Posts filed under ‘Direct Marketing Employment’
Your question : If my major at college is marketing, can I get a job right out of college as an advertising sales agent? Or do I have to major in advertising to do so?
Our Answer: You might not believe this, but I was faced with the exact same question when I was a freshman in college. I started my studies at UC Berkeley, one of the nation’s leading universities (in my humble opinion!). I knew that I wanted to end up in advertising, but Cal Berkeley didn’t offer that major, so I chose communications as my major. I struggled (like you are today) with this question–will any ad agency hire me if I don’t have an advertising major??? It rankled so much that I did actually transfer to a school (Cal State Fullerton) that offered an advertising major. Cal State, however, academically is not near the school that Berkeley is and, while I met some awesome people there and I had some great marketing/advertising classes, looking back I know that I would have learned more at the better school. And, yes, I would still be able to get that job in advertising.
Enough about me! Let’s get back to your question. You want to get a job as an advertising sales agent. I’m here to tell you (from being in the marketing/advertising/sales industries for many years) that a marketing degree will serve you equally as well as an advertising degree. What will be important to future employers (especially for a sales job) are traits like this:
- Sales drive–are you a go-getter? Are you willing to handle rejection over and over to land the appointment with your key prospect?
- Personality–do people like you? Do you listen to them so that you can get a handle on their challenges (of course then giving you the opportunity to solve their problems with your solutions!).
- Marketing Savvy–are you up-to-speed on the latest ways to win new business and retain existing customers? Can you talk to your clients about what’s going on in their industry and what their peers and competitors are up to, marketing-wise.
These traits will please your future employer much more so than splitting hairs over the difference between a marketing and an advertising major. In fact, I would not be surprised if a marketing major wouldn’t be preferred for a sales job…
So, if you’re happy with your current major, my advice to you would be to stick with it. Good luck to you!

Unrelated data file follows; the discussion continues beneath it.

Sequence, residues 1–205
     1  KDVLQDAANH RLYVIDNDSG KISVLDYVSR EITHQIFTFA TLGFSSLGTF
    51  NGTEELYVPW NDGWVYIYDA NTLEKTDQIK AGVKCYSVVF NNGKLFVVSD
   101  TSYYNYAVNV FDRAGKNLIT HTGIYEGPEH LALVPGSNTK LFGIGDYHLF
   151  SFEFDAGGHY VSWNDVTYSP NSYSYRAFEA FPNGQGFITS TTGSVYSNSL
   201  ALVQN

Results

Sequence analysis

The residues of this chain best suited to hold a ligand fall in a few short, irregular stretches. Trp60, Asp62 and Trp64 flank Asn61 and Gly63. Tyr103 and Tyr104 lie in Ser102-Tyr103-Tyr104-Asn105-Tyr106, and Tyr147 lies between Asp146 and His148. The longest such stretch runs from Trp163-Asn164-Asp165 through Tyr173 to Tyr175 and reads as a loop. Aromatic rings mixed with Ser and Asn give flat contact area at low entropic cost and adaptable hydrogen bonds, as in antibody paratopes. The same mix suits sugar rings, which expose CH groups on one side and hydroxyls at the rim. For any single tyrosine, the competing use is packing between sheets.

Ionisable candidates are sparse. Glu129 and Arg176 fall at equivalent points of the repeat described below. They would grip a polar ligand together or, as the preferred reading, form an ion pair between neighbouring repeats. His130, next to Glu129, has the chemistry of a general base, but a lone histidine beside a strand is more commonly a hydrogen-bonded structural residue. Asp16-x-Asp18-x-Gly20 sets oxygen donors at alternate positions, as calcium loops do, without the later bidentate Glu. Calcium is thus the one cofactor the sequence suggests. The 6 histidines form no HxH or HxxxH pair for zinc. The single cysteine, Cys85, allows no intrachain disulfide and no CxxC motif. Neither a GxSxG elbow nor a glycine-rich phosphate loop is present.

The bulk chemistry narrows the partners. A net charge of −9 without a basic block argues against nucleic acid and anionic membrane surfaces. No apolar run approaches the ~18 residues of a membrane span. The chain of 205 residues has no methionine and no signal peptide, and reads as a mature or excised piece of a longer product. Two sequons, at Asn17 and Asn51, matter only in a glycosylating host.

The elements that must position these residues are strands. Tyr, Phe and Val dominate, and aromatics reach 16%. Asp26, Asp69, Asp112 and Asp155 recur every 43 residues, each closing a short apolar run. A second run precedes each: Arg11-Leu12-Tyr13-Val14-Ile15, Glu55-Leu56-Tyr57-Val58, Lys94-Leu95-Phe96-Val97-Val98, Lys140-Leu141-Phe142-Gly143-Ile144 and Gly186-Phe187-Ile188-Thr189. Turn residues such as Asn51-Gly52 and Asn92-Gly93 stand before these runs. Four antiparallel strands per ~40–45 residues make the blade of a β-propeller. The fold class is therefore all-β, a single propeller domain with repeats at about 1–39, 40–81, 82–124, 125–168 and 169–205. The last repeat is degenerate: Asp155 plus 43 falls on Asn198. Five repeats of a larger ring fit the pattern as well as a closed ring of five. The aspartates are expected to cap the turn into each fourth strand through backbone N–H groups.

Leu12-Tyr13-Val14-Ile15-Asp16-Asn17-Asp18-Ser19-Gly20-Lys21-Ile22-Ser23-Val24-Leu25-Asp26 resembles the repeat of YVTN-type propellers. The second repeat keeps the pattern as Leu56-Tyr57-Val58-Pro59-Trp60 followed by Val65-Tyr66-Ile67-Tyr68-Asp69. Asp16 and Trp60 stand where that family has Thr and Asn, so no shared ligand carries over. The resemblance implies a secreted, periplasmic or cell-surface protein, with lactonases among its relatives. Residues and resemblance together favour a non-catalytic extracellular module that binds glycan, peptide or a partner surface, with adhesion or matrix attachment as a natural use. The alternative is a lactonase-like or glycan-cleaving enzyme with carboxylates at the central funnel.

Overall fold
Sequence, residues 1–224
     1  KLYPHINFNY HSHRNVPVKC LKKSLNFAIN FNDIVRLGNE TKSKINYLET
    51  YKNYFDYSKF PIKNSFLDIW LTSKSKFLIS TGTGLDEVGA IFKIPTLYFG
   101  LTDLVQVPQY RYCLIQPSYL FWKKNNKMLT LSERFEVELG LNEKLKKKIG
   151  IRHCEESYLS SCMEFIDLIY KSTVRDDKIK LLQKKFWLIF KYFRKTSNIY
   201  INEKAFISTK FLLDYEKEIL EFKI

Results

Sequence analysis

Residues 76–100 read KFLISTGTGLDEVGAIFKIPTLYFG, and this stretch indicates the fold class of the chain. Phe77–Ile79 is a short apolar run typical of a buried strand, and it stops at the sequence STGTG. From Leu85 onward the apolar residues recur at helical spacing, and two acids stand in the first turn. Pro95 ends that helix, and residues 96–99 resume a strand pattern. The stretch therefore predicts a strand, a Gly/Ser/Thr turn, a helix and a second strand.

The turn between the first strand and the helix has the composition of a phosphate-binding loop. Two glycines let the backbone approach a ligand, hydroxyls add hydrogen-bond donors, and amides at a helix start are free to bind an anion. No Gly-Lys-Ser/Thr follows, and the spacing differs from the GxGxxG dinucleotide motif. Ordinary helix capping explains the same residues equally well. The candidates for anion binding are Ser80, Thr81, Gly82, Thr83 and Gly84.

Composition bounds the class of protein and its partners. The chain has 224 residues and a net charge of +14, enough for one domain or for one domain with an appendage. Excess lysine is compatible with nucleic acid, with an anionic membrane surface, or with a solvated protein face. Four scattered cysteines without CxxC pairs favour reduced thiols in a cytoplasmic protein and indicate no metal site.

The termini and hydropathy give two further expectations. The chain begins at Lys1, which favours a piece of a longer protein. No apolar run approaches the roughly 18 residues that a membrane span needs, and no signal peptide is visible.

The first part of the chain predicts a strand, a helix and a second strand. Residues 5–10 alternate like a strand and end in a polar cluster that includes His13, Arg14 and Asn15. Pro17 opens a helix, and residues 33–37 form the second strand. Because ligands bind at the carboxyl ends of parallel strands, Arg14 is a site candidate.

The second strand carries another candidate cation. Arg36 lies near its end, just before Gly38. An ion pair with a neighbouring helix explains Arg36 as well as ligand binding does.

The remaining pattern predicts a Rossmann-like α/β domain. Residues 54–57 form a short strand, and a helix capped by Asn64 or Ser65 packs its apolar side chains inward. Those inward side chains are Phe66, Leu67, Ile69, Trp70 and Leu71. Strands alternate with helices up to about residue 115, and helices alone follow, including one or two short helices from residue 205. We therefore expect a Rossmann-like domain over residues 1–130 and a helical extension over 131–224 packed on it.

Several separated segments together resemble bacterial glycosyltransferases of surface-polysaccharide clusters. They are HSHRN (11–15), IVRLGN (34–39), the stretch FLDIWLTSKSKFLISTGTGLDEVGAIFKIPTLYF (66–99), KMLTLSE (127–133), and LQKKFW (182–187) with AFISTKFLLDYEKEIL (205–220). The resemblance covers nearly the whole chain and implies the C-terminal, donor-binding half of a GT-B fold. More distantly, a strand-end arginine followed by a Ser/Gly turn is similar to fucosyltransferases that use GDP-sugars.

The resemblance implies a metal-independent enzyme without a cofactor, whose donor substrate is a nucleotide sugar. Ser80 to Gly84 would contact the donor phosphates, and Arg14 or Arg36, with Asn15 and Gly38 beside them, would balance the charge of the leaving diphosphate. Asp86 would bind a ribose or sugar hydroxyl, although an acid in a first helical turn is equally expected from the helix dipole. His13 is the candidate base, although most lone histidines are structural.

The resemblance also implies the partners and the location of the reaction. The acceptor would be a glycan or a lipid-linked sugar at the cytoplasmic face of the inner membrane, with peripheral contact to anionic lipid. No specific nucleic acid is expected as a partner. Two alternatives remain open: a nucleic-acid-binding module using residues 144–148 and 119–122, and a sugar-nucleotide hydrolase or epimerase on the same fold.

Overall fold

Q: The modern marketing organization has emerged through an evolutionary process. Do you agree?
A: Yes, we agree. Marketing organizations today are very different from those of yesterday. Today, marketing organizations are leaner – more people cover more areas within a marketing group. For example, you may have one person who is in charge of acquiring outside data to fuel customer acquisition efforts. That same resource may also be in charge of working with the creative team on the mail piece (e-mail piece, telemarketing script), working with the database team on ensuring that duplicate pieces are not being sent, working with the letter-shop to coordinate in-home dates, and on the back-end to analyze the success of each campaign.
What I’ve just described is an extremely tall order — however, we are finding this to be more the rule than the exception. No longer do you have large resource-rich teams covering each area of marketing operations. Marketers today must possess the ability to be nimble and flexible – and able to understand overall marketing strategy as opposed to one piece of it.
In addition, there are more tools available today that are helping marketing groups to evolve. For example, there are programs that can be accessed remotely than can help with campaign management, database management, and analytical services . . . just to name a few. Most of these applications are available as SaaS (Software as a Service), so you just access the internet, log in and you’re off and running. No more do you have to spend the time and money on complicated technology that has to be customized for your particular environment, and then the entire marketing department has to be trained on, work the glitches out of, etc. before it can be used efficiently. This new paradigm is one that has really helped marketing organizations to evolve, do more with less and do it much more effectively.
Q: I’m new to the direct marketing industry, and have a direct marketing question for you. I need to get up-to-speed asap. Can you recommend any trade shows that I should attend?
A: The primary industry association is the Direct Marketing Association (DMA). They hold an annual trade show that is very well attended (more than 5,000 attendees) in October of each year. This year it will be held on Oct 11-16 in Las Vegas. Here’s the thing about the conference–it is definitely a great place to network, but the education (in my opinion) is lacking. But, go for the networking–all of the key vendors to the industry will have a booth and (a side benefit) they host fun parties. We typically spend a full day just wandering the exhibit hall and learning about what is new and who’s offering, what.